Applying for an Interim Order in a Family Law Case in the Supreme Court (Script 112)
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This script explains why people may need an interim order in a family law case in the British Columbia Supreme Court, how to apply for an interim order, and what to do before the hearing. The reference to "applicant" in this script apply to a party asking for a court order.
At the end of the script, other information sources with much more detail are listed, including where to get the Supreme Court Rules and Forms.
- 1 What is an interim order in a family law case in the Supreme Court?
- 2 Applying for an interim order
- 3 Picking the hearing date
- 4 Responding to the application
- 5 Replying to the application respondent’s response
- 6 The Application Record
- 7 The hearing
- 8 The decision
- 9 The written order
- 10 Summary
- 11 More information
What is an interim order in a family law case in the Supreme Court?
People involved in a family law case will often need an “interim order” after the case has begun but before it has wrapped up. Interim orders are temporary orders that are only meant to last until another interim order is made, or until the case is resolved with a final order or a settlement. Interim orders can deal with urgent problems that can’t wait, such as stopping someone from disposing of property or stopping the child from being taken out of town, or they can deal with questions about how the family will function until the case is resolved, such as where the child will live, whether support should be paid and if so to whom and in what amount.
Applying for an interim order
Rule 10-6 of the Supreme Court Family Rules describes how to apply for an interim order, called making an “interim application.” One party (the “applicant”) starts the process by preparing a Notice of Application using Form F31, found in Appendix A of the Rules. This form tells the judge the sort of order the applicant is looking for, explains why the judge should make that order, says what materials the applicant will be showing to the judge when making the application, and sets the day when the application will be heard.
The applicant will also prepare at least one affidavit, using Form F30. An affidavit is a written statement of the facts important to the application that is signed under oath before a commissioner for taking oaths, like a lawyer, court clerk or notary public. The affidavit gives the judge the information he or she will need to make a decision about the application.
Unless the application is made giving without notice to the other party (the “application respondent”) or the application is agreed to, both the Notice of Application and affidavit must be sent to the application respondent. Rule 6-2 says how these documents are sent to the other side, a process called “ordinary service.” Most of the time, ordinary service is accomplished by sending these materials by mail to the application respondent’s address for service, by fax to the application respondent’s fax number for service or by email to the application respondent’s email address for service.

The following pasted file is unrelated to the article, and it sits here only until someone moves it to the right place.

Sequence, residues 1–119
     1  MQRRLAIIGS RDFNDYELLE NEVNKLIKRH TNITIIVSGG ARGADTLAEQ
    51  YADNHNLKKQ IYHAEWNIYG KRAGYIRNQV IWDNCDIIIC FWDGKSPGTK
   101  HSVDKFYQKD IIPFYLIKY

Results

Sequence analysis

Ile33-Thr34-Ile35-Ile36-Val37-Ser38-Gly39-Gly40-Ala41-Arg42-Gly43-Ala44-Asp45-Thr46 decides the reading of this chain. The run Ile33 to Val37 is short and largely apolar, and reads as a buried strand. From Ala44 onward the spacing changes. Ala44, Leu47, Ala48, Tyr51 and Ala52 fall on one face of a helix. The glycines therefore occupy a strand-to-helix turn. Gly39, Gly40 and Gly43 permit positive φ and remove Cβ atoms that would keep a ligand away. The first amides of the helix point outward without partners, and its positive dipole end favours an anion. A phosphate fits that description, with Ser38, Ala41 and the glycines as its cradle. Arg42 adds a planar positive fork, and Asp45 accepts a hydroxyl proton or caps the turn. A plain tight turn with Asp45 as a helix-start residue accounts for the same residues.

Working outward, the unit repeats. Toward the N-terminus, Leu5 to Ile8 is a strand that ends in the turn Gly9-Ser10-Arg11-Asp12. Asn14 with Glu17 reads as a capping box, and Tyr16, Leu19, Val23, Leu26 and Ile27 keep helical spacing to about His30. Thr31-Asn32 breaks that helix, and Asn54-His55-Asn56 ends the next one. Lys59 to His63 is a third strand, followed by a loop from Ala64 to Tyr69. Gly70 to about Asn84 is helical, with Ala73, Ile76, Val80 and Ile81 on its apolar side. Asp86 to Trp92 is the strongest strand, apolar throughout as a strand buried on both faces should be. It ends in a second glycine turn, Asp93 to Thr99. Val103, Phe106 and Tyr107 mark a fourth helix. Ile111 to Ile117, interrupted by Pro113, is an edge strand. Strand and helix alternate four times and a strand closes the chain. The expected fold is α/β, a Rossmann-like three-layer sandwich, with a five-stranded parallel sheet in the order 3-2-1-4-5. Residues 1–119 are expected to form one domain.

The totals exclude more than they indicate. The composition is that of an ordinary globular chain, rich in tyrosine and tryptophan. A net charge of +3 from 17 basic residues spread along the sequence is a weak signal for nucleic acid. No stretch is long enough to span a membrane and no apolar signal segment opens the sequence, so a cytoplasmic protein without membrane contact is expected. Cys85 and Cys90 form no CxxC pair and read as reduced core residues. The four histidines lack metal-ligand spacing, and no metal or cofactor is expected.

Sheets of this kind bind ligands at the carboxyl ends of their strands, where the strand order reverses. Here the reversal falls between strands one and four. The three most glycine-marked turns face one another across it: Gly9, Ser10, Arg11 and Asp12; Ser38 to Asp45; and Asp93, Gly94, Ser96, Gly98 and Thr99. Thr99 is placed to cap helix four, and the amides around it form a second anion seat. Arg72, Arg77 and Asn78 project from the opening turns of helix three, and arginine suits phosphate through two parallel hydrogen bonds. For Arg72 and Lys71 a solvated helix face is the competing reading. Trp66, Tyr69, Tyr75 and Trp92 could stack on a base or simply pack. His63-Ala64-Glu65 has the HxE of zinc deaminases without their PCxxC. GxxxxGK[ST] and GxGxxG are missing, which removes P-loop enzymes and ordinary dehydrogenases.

Picking the hearing date
The applicant must set the date when the application will be heard in the Notice of Application. Except for urgent applications, the very soonest an application can be heard is eight business days (business days are days then court is open for business, and don’t include weekends and holidays) from the date the application materials are sent to the application respondent. The applicant gets to pick the day of the hearing unless the hearing will take two hours or longer, in which case the applicant must schedule the hearing date with the court registry staff. Even if the application will take less than two hours, the applicant should contact the court registry to find out whether the day she or he has picked is a day when interim applications in family law matters are heard. Some court registries only have family law chambers on certain days.
Responding to the application
The application respondent has five business days after the day of ordinary service to file his or her Application Response and supporting affidavits in court and send them, by ordinary service, to the applicant. The Application Response says which of the orders sought in the application are agreed to and which are opposed, and why the court shouldn’t make the orders that are opposed.
Replying to the application respondent’s response
The applicant is allowed to prepare one more affidavit to address any important points raised in the application respondent’s materials. This affidavit must be filed in court and sent to the application respondent by ordinary service before 4:00 p.m. one business day before the date set for the hearing of the application.
The Application Record
The applicant must prepare an Application Record for the hearing. An Application Record is a binder containing the following documents, separated by tabbed pages:
- the Notice of Application,
- the Application Response,
- all of the affidavits that the applicant will show to the judge, listed in his or her Application plus any new affidavits prepared in response to the application respondent’s materials, and
- all of the affidavits that the application respondent will show to the judge, listed in his or her Application Response.
(Any kind of bound format will do, but it’s usually easiest to put these documents into an ordinary three-ring binder.) The Application Record must begin with an index that says what document is at each tab.